Along with my predecessors, I recognise that decisions have been made in decades past that continue to have profound implications on current and former students of the Bermuda Public School System and Bermudian society. Many members know about the vital history of schools such as the Bermuda Technical Institute, Howard Academy, Warwick Secondary School, Prospect School for Girls, the Robert Crawford School and others that have closed or been repurposed. During the recent consultation on parish primary schools, I was reminded and reminded and reminded again about these critical issues – of the need to teach, learn, know, understand and appreciate our educational history and legacy. In addition to listening and reading the numerous submissions from community members, I also received many messages of support and met directly with community members passionate about protecting and preserving the history and legacy of schools.

As a result, the History and Legacy Working Group was formed with the remit to provide a report on how we can record and preserve the rich and powerful history of Education in Bermuda. Having received this report, the key recommendation to establish a History and Legacy Committee with statutory responsibilities will be in acted this legislative session.

I look forward to the critically important work this committee will be charged with and encourage the community to be prepared to assist them when called upon.

Conclusion

In conclusion, the Government’s commitment to Bermuda’s children and young people hasn’t changed. Our dual-purpose agenda remains the same. Many would have heard of the 3Rs of education – Reading, wRiting and aRithmetic. These important pillars do not go away, and the Department of Education will continue to support each and every teacher and leader in schools across the nation to focus on the children we have in classrooms right now.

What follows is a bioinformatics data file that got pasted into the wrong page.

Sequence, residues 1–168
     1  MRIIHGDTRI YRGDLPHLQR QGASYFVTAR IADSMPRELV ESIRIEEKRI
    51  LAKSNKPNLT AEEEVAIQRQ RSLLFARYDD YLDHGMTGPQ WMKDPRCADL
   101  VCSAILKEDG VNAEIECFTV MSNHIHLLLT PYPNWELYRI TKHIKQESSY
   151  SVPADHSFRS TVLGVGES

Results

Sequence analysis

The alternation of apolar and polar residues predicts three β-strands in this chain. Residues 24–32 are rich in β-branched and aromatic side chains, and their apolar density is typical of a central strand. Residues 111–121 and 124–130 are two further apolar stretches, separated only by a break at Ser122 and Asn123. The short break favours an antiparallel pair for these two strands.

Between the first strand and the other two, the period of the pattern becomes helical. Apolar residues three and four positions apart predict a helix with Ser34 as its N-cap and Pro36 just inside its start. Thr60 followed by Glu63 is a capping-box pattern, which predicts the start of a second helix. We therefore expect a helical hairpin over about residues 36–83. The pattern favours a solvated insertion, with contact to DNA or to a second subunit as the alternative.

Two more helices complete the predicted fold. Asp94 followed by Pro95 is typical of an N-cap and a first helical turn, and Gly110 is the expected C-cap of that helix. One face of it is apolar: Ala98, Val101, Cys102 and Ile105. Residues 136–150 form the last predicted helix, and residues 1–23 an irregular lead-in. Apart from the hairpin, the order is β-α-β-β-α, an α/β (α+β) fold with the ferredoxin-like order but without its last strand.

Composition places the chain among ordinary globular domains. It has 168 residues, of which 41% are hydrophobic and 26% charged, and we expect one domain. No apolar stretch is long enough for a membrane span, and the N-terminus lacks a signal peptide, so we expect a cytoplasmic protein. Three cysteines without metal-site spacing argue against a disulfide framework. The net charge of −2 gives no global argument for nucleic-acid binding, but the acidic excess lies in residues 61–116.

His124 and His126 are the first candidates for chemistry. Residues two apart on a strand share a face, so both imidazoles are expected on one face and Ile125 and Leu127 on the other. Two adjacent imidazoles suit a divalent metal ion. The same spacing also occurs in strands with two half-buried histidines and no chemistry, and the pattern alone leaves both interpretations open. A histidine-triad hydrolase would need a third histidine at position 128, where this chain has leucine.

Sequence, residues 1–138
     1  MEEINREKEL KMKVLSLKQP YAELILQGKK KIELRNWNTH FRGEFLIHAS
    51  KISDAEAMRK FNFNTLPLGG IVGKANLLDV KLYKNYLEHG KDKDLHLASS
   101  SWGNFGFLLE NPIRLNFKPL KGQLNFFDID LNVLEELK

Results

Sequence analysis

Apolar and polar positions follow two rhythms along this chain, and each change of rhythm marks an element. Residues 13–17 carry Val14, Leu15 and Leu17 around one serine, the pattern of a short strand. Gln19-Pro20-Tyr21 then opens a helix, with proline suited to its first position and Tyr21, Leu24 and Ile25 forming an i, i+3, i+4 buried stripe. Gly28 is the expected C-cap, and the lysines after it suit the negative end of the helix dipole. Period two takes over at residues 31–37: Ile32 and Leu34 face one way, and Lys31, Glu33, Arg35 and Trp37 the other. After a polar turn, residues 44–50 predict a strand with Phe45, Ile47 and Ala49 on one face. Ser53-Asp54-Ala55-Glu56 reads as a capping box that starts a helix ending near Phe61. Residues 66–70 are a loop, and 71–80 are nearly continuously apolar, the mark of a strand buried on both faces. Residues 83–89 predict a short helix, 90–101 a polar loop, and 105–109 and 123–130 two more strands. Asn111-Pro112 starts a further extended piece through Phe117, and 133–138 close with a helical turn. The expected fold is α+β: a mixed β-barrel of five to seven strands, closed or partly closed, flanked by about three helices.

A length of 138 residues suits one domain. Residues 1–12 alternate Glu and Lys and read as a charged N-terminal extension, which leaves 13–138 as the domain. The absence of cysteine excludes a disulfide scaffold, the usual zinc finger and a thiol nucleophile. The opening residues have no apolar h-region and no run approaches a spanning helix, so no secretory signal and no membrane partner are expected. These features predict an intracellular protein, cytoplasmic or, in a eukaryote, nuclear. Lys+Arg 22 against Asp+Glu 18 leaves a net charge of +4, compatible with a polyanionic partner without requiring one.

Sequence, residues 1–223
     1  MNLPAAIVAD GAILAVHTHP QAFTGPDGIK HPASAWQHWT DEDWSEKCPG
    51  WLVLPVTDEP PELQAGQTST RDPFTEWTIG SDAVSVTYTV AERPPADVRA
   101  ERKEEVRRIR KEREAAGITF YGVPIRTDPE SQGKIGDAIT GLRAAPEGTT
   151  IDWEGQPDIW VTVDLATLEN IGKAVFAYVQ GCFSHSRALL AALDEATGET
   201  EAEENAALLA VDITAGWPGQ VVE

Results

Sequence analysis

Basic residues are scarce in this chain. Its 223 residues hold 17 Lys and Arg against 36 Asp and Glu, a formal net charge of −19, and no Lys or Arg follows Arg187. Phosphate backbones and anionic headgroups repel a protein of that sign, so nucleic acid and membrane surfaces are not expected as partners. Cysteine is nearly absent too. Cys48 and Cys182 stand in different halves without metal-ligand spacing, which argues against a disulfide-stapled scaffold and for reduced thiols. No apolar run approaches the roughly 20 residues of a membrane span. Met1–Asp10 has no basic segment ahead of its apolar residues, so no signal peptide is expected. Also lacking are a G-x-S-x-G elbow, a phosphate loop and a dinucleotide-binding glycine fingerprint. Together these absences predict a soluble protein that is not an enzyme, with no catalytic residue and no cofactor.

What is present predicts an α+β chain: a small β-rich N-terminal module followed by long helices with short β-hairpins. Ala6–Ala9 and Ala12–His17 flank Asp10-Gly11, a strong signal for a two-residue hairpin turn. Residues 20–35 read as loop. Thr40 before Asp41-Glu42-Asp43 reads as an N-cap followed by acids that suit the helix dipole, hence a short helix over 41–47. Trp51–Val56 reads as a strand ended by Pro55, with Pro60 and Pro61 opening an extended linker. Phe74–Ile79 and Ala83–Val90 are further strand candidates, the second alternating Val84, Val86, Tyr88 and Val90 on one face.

In addition to this, the talented team of professionals from within and beyond the education sector taking up roles in the Education Reform Unit will be focused on the future and our 6Rs of Education Reform:

1.Reconceptualising how the system and schools are governed through the introduction of the Education Authority.

2.Reorienting the Department of Education to be more nurturing and empowering to sustain our schools’ transformation;

3.Redesigning models of learning, teaching and schooling including introducing Parish Primary and Signature Senior Schools by phasing out middle schools over the next 5-7 years

4.Refreshing and rebuilding where necessary, the physical infrastructure of our schools;

5.Re-engaging stakeholders and the community in what we know is everyone’s

business; and, importantly;

6. Remembering the history and legacy of education in Bermuda.

I began my statement today discussing the opportunity to be at the Global Education Leaders Partnership [GELP] recently. It was both an affirming and challenging experience.